Colorado has again expanded its gun regulations, but how effective has the decade-long push for more restrictions been?
Governor Jared Polis (D.) signed a package of four new gun-control bills into law last Friday. The signed bills include new three-day waiting periods for all gun sales, an expansion of who can file for an Extreme Risk Protection Order, a total ban on gun sales to those under 21, and a repeal of the state’s gun industry liability shield against lawsuits for gun crimes committed by third parties.
“I was honored to sign these bills alongside the survivors of gun violence, advocates, and state lawmakers,” Governor Polis said. “Together, we are working to make Colorado one of the 10 safest states in the nation and address this challenge.”
A fifth bill that would ban the sale and possession of unserialized firearms and firearm components, referred to as “ghost guns” by advocates, has already cleared the state Senate and is expected to pass the House and get signed into law by Polis after the end of the legislative session next week. A sixth bill to allow county governments to ban shooting firearms on private property has also already cleared one chamber, though its path to the Governor’s desk before the end of the session is less certain.
The bills together mark one of the most significant legislative sessions in years, but they continue a recent trend in the state. Since 2013, the once-purple state has adopted fourteen new gun-control laws, mainly in response to high-profile mass shootings in Colorado. That has made the state an outlier in state-level gun policy over the last decade and is, therefore, one of the gun-control movement’s biggest political success stories.
“Colorado has many strong firearm laws and has made significant progress in its gun law strength in the years since the 2012 Aurora movie theater shooting,” the gun control group Everytown for Gun Safety said of the Centennial State on its website.
The group currently ranks the state 12th in the nation in terms of “gun law strength.” The gun-control group Giffords likewise gives Colorado high marks for its strict gun laws in the form of a “B” grade in its latest rankings (which does not include the four bills signed into law this session).
Given that the state’s turn towards stricter gun laws has often responded directly to mass shootings and other violent crimes, it’s worth evaluating how a decade of gun control has moved the needle on either front.
Colorado’s Decade of Gun Control
The state’s shift in gun policy began in earnest in 2013. Spurred by the 2012 Aurora theater shooting, lawmakers in Colorado passed a 15-round limit on ammunition magazines for sale and a requirement that background checks be conducted on private sales—referred to by proponents of the policy as universal background checks.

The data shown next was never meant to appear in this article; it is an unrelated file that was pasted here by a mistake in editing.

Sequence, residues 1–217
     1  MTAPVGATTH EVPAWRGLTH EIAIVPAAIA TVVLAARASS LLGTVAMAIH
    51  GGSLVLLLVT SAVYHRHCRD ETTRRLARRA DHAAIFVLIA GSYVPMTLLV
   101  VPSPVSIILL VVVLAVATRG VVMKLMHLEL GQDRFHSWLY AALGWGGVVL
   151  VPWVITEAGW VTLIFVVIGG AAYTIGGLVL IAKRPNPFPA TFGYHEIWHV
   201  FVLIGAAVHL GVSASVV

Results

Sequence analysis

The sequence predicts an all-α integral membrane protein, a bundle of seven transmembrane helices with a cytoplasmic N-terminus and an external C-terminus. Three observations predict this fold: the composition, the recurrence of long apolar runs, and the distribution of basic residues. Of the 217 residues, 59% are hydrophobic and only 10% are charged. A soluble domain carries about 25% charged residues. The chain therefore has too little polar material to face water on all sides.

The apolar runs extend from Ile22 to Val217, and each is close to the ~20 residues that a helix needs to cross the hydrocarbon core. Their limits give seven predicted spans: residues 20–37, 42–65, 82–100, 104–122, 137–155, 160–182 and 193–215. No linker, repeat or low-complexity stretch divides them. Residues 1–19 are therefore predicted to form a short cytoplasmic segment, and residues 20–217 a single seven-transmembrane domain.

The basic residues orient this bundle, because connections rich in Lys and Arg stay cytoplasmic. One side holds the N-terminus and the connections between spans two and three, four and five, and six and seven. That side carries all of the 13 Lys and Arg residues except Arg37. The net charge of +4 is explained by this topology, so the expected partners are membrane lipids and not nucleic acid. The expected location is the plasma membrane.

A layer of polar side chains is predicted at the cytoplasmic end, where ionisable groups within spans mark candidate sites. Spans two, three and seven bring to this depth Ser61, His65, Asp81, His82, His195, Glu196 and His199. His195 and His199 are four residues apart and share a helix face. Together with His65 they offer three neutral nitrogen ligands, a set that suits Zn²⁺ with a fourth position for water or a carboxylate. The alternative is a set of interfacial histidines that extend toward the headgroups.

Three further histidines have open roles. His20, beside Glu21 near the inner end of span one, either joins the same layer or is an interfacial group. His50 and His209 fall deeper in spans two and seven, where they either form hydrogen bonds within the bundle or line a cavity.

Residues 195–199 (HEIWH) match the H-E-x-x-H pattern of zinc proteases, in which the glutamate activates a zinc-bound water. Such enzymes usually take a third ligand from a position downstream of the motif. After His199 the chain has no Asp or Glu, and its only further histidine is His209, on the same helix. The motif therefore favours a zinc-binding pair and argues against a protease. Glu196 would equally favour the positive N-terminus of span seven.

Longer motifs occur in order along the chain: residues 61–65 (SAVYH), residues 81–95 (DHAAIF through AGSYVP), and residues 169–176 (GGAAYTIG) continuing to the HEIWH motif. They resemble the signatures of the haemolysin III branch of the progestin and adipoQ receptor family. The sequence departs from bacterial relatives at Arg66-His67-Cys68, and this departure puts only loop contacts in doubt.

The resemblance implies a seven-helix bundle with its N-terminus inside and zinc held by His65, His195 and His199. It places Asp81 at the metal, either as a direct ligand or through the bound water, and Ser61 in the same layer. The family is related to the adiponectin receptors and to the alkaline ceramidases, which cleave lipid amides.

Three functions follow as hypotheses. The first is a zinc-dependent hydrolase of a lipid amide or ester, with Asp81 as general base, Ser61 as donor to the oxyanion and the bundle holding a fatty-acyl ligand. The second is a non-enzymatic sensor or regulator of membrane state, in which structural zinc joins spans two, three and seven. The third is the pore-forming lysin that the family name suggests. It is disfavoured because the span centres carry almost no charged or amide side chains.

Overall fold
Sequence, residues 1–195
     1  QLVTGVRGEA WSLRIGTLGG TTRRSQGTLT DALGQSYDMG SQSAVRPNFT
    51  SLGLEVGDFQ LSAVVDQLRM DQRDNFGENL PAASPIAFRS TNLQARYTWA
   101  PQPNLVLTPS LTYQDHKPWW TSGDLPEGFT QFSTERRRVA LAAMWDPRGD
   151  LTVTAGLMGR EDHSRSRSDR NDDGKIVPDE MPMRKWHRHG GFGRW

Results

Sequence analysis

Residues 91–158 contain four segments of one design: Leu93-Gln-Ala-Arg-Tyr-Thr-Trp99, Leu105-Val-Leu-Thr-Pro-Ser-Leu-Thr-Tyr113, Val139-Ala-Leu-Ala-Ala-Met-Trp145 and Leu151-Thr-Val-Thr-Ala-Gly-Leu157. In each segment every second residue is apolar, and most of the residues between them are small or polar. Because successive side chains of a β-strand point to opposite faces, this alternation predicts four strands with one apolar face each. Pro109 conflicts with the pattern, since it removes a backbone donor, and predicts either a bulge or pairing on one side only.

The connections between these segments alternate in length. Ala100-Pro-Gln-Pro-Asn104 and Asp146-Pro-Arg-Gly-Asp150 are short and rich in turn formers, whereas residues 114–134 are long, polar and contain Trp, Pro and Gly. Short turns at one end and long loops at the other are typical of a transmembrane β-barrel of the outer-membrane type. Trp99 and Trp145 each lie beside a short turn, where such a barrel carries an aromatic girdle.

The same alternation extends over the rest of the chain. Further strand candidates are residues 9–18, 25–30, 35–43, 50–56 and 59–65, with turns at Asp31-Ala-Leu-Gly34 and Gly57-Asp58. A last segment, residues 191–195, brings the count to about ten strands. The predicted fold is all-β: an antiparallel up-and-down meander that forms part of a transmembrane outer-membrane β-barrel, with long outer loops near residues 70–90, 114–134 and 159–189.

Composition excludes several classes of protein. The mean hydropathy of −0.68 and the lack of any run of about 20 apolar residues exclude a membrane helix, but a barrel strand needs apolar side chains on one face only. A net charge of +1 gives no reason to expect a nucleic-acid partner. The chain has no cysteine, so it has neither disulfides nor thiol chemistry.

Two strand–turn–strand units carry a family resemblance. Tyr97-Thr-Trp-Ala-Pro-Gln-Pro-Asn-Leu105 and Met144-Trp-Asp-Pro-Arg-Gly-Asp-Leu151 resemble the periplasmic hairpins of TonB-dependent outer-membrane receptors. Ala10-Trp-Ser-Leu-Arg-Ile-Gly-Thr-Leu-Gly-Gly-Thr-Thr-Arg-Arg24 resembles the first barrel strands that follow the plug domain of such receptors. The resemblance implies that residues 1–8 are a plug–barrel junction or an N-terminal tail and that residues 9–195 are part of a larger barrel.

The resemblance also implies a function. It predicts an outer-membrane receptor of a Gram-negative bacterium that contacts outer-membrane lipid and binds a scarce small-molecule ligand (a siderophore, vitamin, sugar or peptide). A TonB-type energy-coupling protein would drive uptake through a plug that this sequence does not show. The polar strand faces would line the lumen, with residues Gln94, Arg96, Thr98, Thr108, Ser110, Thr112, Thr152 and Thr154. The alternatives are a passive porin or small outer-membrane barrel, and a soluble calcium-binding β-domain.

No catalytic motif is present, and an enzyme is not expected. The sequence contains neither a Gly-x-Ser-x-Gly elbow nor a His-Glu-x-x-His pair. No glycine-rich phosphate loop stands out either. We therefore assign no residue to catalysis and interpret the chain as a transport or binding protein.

The passage of those laws sparked a political backlash against Democrats in the state. The magazine ban drove major magazine manufacturer Magpul Industries to move its headquarters to Texas and business operations to Wyoming from its previous locations in northern Colorado. Angry gun-rights supporters successfully recalled two Democratic state senators, including the Senate president. A third was forced to resign to avoid being recalled, and Democrats lost control of the state Senate the following year in the 2014 midterms.
That backlash chilled any further action on guns until 2019, when Democrats regained trifecta control of the state government. That year, lawmakers passed the state’s Extreme Risk Protection Order or “red flag” law.
In 2021, state lawmakers passed their most extensive package of gun control laws to date. The bills included a mandatory safe storage law, a requirement that gun owners report lost or stolen firearms to law enforcement, and a requirement that persons subject to domestic abuse protection orders surrender their guns. Lawmakers also repealed the state’s nearly two-decade-old law prohibiting local governments from enacting stricter gun laws than the state.
Several local governments have taken this new authority to pass even more restrictive laws, such as “assault weapons” and concealed carry bans.
Lawmakers also passed a bill in 2021 to close the so-called Charleston loophole, a provision under federal law that allows firearms to be transferred to buyers after three business days if the background check hasn’t been completed in time. That same bill also added nearly a dozen misdemeanor offenses to the list of criteria that can block someone from being eligible to purchase or possess firearms under state law.
Finally, lawmakers passed a bill in 2022 to ban the open carry of firearms within 100 feet of a polling location or a vote-counting facility. That was the last gun control bill signed into law before the four additions signed this session.
Gun Crime Data Over the Same Period
According to the Colorado Bureau of Investigation’s (CBI) crime statistics dashboard, violent crime, defined as “murder, non-consensual sex offenses, aggravated assault, and robbery,” committed with a firearm, has steadily risen from 2013 through the beginning of 2023. In fact, 2022 was the worst year for violent crimes committed with a gun in a decade.
Gun-related suicides have not fared much better over the same period, though the most recent data made available by the Colorado Department of Public Health and Environment (CDPHE) only extends through 2021.